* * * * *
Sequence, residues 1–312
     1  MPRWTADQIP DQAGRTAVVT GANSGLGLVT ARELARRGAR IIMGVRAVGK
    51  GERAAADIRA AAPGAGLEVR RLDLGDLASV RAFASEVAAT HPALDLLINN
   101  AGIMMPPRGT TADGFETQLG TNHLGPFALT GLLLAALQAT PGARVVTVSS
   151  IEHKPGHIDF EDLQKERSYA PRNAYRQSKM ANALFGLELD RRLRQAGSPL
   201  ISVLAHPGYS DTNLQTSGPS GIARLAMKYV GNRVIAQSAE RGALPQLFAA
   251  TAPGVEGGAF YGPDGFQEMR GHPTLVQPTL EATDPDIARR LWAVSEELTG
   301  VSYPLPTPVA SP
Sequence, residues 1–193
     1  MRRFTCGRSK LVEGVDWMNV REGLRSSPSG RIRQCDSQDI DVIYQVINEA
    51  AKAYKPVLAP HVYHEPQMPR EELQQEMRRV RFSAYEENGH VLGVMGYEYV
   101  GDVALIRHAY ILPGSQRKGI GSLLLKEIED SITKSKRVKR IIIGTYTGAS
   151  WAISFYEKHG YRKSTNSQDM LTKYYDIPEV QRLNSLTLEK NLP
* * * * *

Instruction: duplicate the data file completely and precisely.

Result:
Sequence, residues 1–312
     1  MPRWTADQIP DQAGRTAVVT GANSGLGLVT ARELARRGAR IIMGVRAVGK
    51  GERAAADIRA AAPGAGLEVR RLDLGDLASV RAFASEVAAT HPALDLLINN
   101  AGIMMPPRGT TADGFETQLG TNHLGPFALT GLLLAALQAT PGARVVTVSS
   151  IEHKPGHIDF EDLQKERSYA PRNAYRQSKM ANALFGLELD RRLRQAGSPL
   201  ISVLAHPGYS DTNLQTSGPS GIARLAMKYV GNRVIAQSAE RGALPQLFAA
   251  TAPGVEGGAF YGPDGFQEMR GHPTLVQPTL EATDPDIARR LWAVSEELTG
   301  VSYPLPTPVA SP
Sequence, residues 1–193
     1  MRRFTCGRSK LVEGVDWMNV REGLRSSPSG RIRQCDSQDI DVIYQVINEA
    51  AKAYKPVLAP HVYHEPQMPR EELQQEMRRV RFSAYEENGH VLGVMGYEYV
   101  GDVALIRHAY ILPGSQRKGI GSLLLKEIED SITKSKRVKR IIIGTYTGAS
   151  WAISFYEKHG YRKSTNSQDM LTKYYDIPEV QRLNSLTLEK NLP